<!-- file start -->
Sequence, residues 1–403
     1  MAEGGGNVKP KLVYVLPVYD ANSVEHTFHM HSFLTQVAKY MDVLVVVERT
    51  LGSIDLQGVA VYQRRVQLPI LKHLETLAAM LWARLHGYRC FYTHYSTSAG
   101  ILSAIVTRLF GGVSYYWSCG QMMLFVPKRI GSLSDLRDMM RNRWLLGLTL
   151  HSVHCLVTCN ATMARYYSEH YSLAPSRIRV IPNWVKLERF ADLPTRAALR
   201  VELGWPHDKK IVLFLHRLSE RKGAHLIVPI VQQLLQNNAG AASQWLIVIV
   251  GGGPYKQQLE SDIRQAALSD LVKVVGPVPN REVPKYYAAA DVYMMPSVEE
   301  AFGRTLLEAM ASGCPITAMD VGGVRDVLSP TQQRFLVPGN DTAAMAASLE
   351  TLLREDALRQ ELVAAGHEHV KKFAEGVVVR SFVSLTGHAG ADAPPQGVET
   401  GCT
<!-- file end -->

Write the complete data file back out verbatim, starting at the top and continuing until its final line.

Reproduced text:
Sequence, residues 1–403
     1  MAEGGGNVKP KLVYVLPVYD ANSVEHTFHM HSFLTQVAKY MDVLVVVERT
    51  LGSIDLQGVA VYQRRVQLPI LKHLETLAAM LWARLHGYRC FYTHYSTSAG
   101  ILSAIVTRLF GGVSYYWSCG QMMLFVPKRI GSLSDLRDMM RNRWLLGLTL
   151  HSVHCLVTCN ATMARYYSEH YSLAPSRIRV IPNWVKLERF ADLPTRAALR
   201  VELGWPHDKK IVLFLHRLSE RKGAHLIVPI VQQLLQNNAG AASQWLIVIV
   251  GGGPYKQQLE SDIRQAALSD LVKVVGPVPN REVPKYYAAA DVYMMPSVEE
   301  AFGRTLLEAM ASGCPITAMD VGGVRDVLSP TQQRFLVPGN DTAAMAASLE
   351  TLLREDALRQ ELVAAGHEHV KKFAEGVVVR SFVSLTGHAG ADAPPQGVET
   401  GCT